Congratulations to Jane Rainey, winner of last week's Friday Freebie: The Witch's Boy by Kelly Barnhill and Somebody Up There Hates You by Hollis Seamon.
My Life as a Foreign Country, is simply one of the best books I've read this year. Here's my mini-review which was posted earlier at Book Riot:
Near the end of this gut-honest memoir about his time in Iraq, Brian Turner writes: “America, vast and laid out from one ocean to another, is not a large enough space to contain the war each soldier brings home.” Likewise, this book and its 224 pages probably cannot hold all the rampaging emotions of Turner’s war experience, but damn if he doesn’t spill a lot of emotional blood in the course of these 136 short chapters. As anyone who has read Turner’s two collections of poetry (Here, Bullet and Phantom Noise) will tell you, he’s able to turn even the most horrific topics–death, dismemberment, post-traumatic nightmares–into things of linguistic beauty. In My Life as a Foreign Country, he once again brings the war home to us. Are we bold enough to hold his words?I'll try to have a longer review here at The Quivering Pen before too long. In the meantime, I'm happy to announce I've got four copies of My Life as a Foreign Country to give away to four lucky readers. Here's more about the memoir from the publisher's jacket copy:
In 2003, Sergeant Brian Turner crossed the line of departure with a convoy of soldiers headed into the Iraqi desert. Now he lies awake each night beside his sleeping wife, imagining himself as a drone aircraft, hovering over the terrains of Bosnia and Vietnam, Iraq and Northern Ireland, the killing fields of Cambodia and the death camps of Europe. In this breathtaking memoir, award-winning poet Brian Turner retraces his war experience pre-deployment to combat zone, homecoming to aftermath. Free of self-indulgence or self-glorification, his account combines recollection with the imagination's efforts to make reality comprehensible. Across time, he seeks parallels in the histories of others who have gone to war, especially his taciturn grandfather (World War II), father (Cold War), and uncle (Vietnam). Turner also offers something that is truly rare in a memoir of violent conflict he sees through the eyes of the enemy, imagining his way into the experience of the "other." Through it all, he paints a devastating portrait of what it means to be a soldier and a human being.Here's more praise from others who have read early copies of this incredible book (which is currently a Barnes & Noble Discover New Writers pick):
Tim O'Brien: “My Life as a Foreign Country is brilliant and beautiful. It surely ranks with the best war memoirs I've ever encountered—a humane, heartbreaking, and expertly crafted work of literature.”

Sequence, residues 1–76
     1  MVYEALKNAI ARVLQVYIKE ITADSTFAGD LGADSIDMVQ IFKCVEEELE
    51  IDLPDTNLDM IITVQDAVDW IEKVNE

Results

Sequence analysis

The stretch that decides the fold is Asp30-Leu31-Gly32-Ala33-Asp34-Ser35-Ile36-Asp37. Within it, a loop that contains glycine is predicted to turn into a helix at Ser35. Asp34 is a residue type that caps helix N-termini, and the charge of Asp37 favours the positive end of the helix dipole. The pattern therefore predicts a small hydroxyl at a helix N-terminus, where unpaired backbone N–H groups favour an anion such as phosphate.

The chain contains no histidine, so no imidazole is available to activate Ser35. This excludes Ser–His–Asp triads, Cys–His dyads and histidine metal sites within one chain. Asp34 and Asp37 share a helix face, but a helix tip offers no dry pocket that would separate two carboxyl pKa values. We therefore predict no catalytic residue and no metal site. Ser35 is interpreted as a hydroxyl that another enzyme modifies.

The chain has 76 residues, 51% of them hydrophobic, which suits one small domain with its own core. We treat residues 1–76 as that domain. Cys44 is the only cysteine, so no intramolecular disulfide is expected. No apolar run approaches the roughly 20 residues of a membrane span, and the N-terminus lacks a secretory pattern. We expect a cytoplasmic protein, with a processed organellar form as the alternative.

Nick Flynn: “Turner's voice is prophetic, an eerie calm in the midst of calamity…Achingly, disturbingly, shockingly beautiful.”
Benjamin Busch: “A brilliant fever dream of war's surreality, its lastingness, its place in families and in the fate of nations. Each sentence has been carefully measured, weighed with loss and vitality, the hard-earned language of a survivor who has seen the world destroyed and written it back to life. This is a profound and beautiful work of art.”
Kirkus Reviews: “In his surpassingly sad and disquieting memoir, poet Turner has rendered an unusual anomaly: cogent delirium. Some have said a poet should join astronauts in space so we could know what it's really like. In Turner, we have sent a poet to war, and we are much closer to knowing its kaleidoscopic face; as profound sympathy washes over the reader, so does the war's horror. Alternately stark and surreal, Turner's chronicle is a textured confluence of the ages, connected by classic verse, history and arresting metaphor. He surveys a landscape of ghosts from all of humanity's wars, wraiths who walk the streets and battlefields and rise like mist from the rivers.”
Click here to follow Brian Turner on Facebook. Click here to visit his website.
If you’d like a chance at being one of four winners in this week's Friday Freebie, simply email your name and mailing address to
Put FRIDAY FREEBIE in the e-mail subject line. One entry per person, please. Despite its name, the Friday Freebie runs all week long and remains open to entries until midnight on Sept. 25, at which time I’ll draw the winning name. I’ll announce the lucky reader on Sept. 26. If you’d like to join the mailing list for the once-a-week newsletter, simply add the words “Sign me up for the newsletter” in the body of your email. Your email address and other personal information will never be sold or given to a third party (except in those instances where the publisher requires a mailing address for sending Friday Freebie winners copies of the book).
Want to double your odds of winning? Get an extra entry in the contest by posting a link to this webpage on your blog, your Facebook wall or by tweeting it on Twitter. Once you’ve done any of those things, send me an additional e-mail saying “I’ve shared” and I’ll put your name in the hat twice.